Tuesday, January 30, 2018

What John Kay & Citizen's Income Trust agree on about basic income

Professor Kay thinks basic income for all (not means-tested / tax-free / regular) is unaffordable. His article  (Intereconomics 2017/2) carefully analyses several international proposals, but it does not take full account of the work of the UK's leading advocate for basic income the Citizen's Income Trust. CIT is confident that their revenue-neutral scheme would make a positive start on the road to a larger regular income than their initial scheme allows for. As they say in their critique of John Kay's investigation: 'What matters is the direction of travel'. CIT's scheme retains many existing welfare benefits - essential due the the low level of basic income needed to be revenue-neutral, but it is only a start. John Kay seems to assume a full 'living wage' basic income must be affordable immediately or he won't consider it relevant: 'basic income is a distraction from sensible, feasible and necessary reforms'. Both he and CIT acknowledge there could be sources of revenue yet untapped for a full basic income, but whereas Kay shies away from the political difficulties of that, CIT sees the start of an evolutionary reform away from the complexities of current welfare and its disincentives to work         
One effect of a citizen's income is that some will use it to pay for better housing with rents and house prices likely to be pushed up. It is fairly clear that the incentives given out by recent governments to first-time buyers are a factor in rising house prices. A new source of income from a regular basic income would enable buyers to afford larger mortgages thus adding to the price hike. For every new £100 per month available at 2% interest another £20,000 of mortgage is freed up, driving straight through to rising prices and rents.

This blog has always advocated an holistic approach to citizens income to prevent bad side effects. After all if the housing market is encouraged to let rip even more through a basic income aimed to alleviate poverty, what help is that to the poor?

This is not the state planning for citizens
but citizens planning for themselves, 
empowered through a basic income.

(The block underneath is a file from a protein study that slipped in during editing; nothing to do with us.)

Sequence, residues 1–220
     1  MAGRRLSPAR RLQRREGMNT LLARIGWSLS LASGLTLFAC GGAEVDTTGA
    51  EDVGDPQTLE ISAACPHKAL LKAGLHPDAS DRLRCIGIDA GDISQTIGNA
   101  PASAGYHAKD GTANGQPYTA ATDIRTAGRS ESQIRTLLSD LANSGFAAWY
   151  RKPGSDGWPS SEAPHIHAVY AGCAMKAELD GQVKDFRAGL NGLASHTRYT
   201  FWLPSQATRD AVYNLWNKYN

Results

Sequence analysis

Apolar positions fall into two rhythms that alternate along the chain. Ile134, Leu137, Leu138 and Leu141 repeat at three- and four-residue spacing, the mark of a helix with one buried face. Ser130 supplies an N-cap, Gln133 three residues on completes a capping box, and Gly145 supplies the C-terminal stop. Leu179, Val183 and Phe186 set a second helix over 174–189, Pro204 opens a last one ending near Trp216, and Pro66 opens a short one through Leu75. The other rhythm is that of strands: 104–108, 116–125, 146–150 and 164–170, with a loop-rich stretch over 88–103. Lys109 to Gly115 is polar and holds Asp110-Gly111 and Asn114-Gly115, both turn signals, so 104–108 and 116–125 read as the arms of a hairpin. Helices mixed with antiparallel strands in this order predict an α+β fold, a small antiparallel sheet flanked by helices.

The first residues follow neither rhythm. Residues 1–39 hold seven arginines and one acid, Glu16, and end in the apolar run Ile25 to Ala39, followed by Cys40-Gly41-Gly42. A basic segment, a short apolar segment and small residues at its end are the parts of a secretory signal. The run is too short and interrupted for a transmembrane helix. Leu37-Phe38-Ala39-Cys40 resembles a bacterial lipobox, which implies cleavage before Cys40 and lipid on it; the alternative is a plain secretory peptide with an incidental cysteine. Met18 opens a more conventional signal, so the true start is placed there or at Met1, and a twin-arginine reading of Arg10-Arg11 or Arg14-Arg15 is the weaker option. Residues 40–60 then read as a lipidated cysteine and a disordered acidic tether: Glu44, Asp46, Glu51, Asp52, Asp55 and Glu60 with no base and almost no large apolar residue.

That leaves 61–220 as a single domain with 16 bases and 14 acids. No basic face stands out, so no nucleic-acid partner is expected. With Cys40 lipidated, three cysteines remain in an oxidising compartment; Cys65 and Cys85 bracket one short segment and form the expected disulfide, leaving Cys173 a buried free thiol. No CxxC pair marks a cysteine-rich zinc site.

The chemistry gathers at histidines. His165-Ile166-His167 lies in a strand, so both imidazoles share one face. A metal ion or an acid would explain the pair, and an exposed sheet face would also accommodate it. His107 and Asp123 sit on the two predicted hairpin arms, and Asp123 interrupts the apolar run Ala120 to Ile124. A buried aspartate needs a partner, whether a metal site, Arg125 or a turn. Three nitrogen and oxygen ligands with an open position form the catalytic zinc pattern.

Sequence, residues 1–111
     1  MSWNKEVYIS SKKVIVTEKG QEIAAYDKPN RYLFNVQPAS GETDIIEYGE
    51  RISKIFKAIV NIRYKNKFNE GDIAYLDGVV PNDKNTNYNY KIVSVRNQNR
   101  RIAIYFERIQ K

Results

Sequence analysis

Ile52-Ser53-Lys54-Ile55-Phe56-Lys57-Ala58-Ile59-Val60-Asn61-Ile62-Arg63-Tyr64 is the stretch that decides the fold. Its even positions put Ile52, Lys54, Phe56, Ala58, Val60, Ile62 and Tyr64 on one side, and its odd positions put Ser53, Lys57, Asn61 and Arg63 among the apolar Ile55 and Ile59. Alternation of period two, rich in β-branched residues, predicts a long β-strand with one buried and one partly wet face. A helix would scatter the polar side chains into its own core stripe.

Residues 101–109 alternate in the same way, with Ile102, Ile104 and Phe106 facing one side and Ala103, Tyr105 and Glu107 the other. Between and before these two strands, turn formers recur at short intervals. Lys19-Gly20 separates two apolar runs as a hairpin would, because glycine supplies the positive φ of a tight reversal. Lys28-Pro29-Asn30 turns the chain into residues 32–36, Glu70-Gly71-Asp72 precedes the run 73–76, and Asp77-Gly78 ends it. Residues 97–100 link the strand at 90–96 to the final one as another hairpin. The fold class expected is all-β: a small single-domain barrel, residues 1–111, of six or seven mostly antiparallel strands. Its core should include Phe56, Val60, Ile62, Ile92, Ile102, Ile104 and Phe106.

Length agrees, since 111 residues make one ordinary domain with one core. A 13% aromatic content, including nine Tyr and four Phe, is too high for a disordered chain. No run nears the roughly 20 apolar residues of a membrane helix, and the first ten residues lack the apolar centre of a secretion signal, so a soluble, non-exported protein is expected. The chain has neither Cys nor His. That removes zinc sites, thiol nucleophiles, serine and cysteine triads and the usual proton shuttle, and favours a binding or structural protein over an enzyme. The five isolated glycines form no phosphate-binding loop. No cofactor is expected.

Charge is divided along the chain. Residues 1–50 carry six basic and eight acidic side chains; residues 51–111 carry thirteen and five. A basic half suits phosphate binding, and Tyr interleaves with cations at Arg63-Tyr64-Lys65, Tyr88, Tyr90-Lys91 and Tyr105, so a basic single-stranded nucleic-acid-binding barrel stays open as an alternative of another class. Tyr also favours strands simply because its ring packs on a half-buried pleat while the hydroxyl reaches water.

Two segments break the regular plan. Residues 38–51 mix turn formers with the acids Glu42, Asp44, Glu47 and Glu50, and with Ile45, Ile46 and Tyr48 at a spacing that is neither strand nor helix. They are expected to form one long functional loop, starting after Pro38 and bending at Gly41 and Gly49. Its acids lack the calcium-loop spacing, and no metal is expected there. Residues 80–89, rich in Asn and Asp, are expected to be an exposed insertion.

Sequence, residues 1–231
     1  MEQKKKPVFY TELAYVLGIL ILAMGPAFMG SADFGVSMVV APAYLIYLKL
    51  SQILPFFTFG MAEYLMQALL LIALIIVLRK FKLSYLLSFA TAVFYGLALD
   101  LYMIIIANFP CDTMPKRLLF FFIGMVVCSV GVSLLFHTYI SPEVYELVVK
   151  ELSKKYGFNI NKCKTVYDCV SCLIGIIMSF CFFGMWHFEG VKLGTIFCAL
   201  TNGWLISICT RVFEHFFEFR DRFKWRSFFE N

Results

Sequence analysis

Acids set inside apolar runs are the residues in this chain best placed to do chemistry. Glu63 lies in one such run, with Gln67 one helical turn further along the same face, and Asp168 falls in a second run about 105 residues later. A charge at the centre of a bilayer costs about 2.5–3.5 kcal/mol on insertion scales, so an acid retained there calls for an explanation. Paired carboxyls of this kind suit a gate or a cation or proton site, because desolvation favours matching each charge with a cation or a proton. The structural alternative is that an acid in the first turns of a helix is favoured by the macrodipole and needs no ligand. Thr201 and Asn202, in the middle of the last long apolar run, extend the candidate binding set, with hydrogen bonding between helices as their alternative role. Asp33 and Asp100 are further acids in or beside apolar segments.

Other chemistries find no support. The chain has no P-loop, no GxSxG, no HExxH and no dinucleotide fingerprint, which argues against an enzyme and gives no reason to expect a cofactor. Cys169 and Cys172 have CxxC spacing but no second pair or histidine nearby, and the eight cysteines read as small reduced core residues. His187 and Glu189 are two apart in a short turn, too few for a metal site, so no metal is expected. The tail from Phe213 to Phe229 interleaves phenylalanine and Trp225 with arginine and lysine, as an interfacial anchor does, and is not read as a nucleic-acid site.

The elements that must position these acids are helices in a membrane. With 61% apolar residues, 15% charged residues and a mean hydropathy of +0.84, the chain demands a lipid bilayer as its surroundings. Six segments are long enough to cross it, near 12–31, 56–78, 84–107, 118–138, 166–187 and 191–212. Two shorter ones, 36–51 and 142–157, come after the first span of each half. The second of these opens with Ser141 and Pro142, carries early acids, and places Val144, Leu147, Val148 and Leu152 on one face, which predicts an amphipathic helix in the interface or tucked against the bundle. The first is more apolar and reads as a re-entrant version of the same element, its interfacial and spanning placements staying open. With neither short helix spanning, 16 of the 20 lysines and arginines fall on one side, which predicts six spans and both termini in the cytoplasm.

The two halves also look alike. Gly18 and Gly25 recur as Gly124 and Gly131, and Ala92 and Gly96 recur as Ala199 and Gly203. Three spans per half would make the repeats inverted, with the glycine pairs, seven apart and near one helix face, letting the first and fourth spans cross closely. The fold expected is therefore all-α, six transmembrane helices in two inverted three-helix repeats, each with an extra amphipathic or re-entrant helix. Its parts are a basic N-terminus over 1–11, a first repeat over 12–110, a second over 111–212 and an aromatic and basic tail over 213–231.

To block that perverse effect of such a benign thing as basic income, what is needed is the levying of land value tax. This to be charged annually on the underlying land value of the building + land plot. It would have a braking effect on house prices as property owners who could not afford the levy would sell. Mortgage providers whilst assessing the added basic income would have to consider the expense of a regular land tax levy and this would reduce the potential of greater credit, which would lead to price restraint, and not, like the government help-to-buy schemes, a price bubble. 

The levying of LVT would raise a fresh source of government revenue concentrated at the higher property value end (see below). It would address the acknowledgement by both John Kay and the CIT that more revenue is needed to make a basic income more effective against poverty. The national pot to run a comprehensive welfare system founded mostly on basic income is currently limited. But the time is approaching when the the huge shift of younger people excluded from property ownership through unaffordability, will translate into a ballot box revolt in their favour. If we are to continue to believe in a fair society, the haves - the larger property owners - sitting on the accumulating nest-egg gains in their land values, will eventually have to release some of these sooner than at their demise through estate duties.

Land values, as clearly spelt out in The Free Lunch - Fairness with Freedom arise from the efforts of us all and are a common resource to be shared. A good start to implementing LVT would be to make a regular charge on a percentage (say 25% representing the land) of the property's value. For political acceptability the overall charge per household would need to be cost neutral for the bulk of hometypes: thus whatever was paid in LVT would be an allowance against a homeowner's income tax. Those in high priced properties having lower earnings would need to consider selling up which would bring a downward pressure on the market and help alleviate the housing shortage. The net LVT raised would go towards increasing the basic income for all. As well as estate duty, transaction taxes such as Stamp Duty could also be abolished and bring a new liquidity to the housing market to the benefit of those needing larger accommodation but prevented by the existence of many under-occupied homes. The Annual Tax on Enveloped Dwellings owned by companies is legislation that taxes total property value and would need modifying to catch land value only, to adapt it for LVT purposes.   

For the hard case of property-rich / income-poor homeowners with a liability for LVT greater than their income tax liability a deferment scheme should be allowed so that the accumulated  LVT would be a registered charge against the property, payable on the next sale.  

Whilst we must be grateful to John Kay for crunching the numbers, the philosophical and moral case should be addressed. The Free Lunch - Fairness with Freedom  makes the case for putting the citizen at the focus of politics. This implies the acknowledgement of particular rights for people and the expectation of particular responsibilities from them.  A basic income is essential if this concept of  a new 'citizen focus' is to have real meaning. This is not the state planning for citizens but citizens planning for themselves, empowered through a basic income. It is a combination of increased fairness and increased freedom for everyone.
Posted by Charles Bazlinton. Author: The Free Lunch - Fairness with Freedom  

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